During the punishment phase of Battaglia's trial, Michelle Gheddi testified that she was married to him for two years, from 1985 to 1987, and that they had a daughter, Kristy. She described several incidents when he became angry and struck or threatened her. Twice, he was physically violent toward Gheddi's son from a previous marriage. They separated after he struck her while she was holding Kristy, causing her to drop the child. Gheddi testified that she obtained a protective order against him, nevertheless, he came to her house, watched her through the windows, and pounded on her doors and windows. He followed her in his car, tapped her telephone, and constantly called her home and office at all hours of the day and night. She said he called her employers and creditors and made false statements about her. She said he threatened to kill himself and her, describing in detail how he planned to cut her up and kill her with a knife.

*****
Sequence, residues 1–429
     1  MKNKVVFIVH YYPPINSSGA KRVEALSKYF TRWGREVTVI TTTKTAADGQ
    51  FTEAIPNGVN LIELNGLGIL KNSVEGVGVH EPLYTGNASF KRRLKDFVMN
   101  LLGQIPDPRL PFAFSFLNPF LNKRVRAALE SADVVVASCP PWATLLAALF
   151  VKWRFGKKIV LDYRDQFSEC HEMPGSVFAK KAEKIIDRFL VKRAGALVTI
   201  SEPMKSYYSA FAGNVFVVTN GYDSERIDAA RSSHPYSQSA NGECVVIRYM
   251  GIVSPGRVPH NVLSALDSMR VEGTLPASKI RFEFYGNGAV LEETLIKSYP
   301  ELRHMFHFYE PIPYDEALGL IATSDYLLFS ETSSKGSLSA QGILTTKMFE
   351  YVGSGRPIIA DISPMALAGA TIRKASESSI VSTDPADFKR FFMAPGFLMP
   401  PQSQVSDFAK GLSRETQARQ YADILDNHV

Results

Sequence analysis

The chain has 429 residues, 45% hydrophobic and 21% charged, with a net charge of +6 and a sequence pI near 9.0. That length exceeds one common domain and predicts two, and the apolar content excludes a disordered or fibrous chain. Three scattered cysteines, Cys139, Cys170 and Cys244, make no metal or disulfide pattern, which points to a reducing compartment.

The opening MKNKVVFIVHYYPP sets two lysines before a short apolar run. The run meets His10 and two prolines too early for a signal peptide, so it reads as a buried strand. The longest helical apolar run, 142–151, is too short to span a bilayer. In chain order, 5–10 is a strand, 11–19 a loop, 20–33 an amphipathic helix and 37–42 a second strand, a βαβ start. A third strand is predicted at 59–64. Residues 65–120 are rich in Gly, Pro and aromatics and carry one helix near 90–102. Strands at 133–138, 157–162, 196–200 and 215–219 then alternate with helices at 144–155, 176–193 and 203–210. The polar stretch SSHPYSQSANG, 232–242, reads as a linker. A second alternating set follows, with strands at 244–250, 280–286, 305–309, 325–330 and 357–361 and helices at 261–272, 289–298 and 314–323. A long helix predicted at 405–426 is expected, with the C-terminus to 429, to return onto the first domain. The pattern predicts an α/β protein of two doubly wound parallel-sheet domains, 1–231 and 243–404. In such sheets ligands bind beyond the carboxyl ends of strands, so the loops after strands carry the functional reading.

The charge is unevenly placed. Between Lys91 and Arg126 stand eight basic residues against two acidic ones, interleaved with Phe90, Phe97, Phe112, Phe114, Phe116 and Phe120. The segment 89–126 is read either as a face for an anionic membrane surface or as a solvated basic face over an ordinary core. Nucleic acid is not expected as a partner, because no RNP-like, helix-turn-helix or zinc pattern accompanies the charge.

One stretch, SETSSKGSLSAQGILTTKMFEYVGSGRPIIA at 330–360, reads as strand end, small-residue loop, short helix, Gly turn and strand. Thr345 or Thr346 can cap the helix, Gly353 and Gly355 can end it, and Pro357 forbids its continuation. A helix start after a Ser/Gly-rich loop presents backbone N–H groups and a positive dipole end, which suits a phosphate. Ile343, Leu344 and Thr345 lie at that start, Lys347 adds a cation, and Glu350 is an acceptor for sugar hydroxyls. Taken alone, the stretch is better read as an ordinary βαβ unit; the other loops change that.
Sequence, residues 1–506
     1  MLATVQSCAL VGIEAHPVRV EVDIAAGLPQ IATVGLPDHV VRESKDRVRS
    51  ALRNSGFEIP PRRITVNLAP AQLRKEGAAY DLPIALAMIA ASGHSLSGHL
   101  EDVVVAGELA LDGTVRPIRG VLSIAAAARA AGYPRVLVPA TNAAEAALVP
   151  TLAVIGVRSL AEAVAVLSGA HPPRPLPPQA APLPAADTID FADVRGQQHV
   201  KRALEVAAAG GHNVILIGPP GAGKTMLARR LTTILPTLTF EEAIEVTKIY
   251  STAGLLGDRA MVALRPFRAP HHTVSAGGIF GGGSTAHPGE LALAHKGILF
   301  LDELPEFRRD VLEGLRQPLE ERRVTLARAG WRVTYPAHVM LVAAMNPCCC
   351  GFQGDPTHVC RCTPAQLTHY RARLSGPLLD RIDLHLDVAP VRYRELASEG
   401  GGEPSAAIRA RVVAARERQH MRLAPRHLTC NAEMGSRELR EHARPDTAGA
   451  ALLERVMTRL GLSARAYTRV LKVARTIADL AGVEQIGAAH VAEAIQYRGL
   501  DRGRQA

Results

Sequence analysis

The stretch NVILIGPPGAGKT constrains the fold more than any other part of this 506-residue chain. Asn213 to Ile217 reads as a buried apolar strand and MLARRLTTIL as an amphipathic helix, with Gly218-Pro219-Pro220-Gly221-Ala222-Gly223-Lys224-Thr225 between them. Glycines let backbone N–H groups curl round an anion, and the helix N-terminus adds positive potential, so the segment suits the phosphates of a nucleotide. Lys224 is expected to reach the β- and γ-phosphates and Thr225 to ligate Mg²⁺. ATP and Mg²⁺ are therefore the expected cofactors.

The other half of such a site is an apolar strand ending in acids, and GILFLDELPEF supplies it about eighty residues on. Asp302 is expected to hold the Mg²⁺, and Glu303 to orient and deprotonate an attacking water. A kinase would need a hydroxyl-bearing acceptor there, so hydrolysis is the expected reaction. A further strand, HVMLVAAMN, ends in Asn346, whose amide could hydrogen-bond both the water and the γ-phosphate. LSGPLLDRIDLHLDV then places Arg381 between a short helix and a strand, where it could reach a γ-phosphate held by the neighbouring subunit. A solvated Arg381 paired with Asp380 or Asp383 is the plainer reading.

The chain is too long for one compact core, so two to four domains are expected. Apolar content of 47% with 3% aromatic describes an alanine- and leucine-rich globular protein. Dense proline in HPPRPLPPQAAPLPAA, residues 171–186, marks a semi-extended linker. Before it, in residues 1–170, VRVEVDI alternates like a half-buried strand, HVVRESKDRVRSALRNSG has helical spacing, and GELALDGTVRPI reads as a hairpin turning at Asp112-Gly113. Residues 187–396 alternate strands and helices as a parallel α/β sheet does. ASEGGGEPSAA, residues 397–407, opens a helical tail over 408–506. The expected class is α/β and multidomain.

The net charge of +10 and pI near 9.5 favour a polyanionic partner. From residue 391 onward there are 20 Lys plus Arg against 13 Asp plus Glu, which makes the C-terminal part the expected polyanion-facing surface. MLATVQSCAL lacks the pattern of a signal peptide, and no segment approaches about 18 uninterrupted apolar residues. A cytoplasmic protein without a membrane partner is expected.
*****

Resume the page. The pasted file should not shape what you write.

One night, Gheddi testified, she woke up after midnight to see Battaglia standing over her bed, holding her shoulders down, wanting to have sex with her. She refused and filed a police report. He later called the law office where Gheddi was an attorney and told one of the partners that she was having an affair with another partner in the firm and was carrying his child. He threatened to go to the press with this information unless the partner convinced Gheddi to drop the charges against him.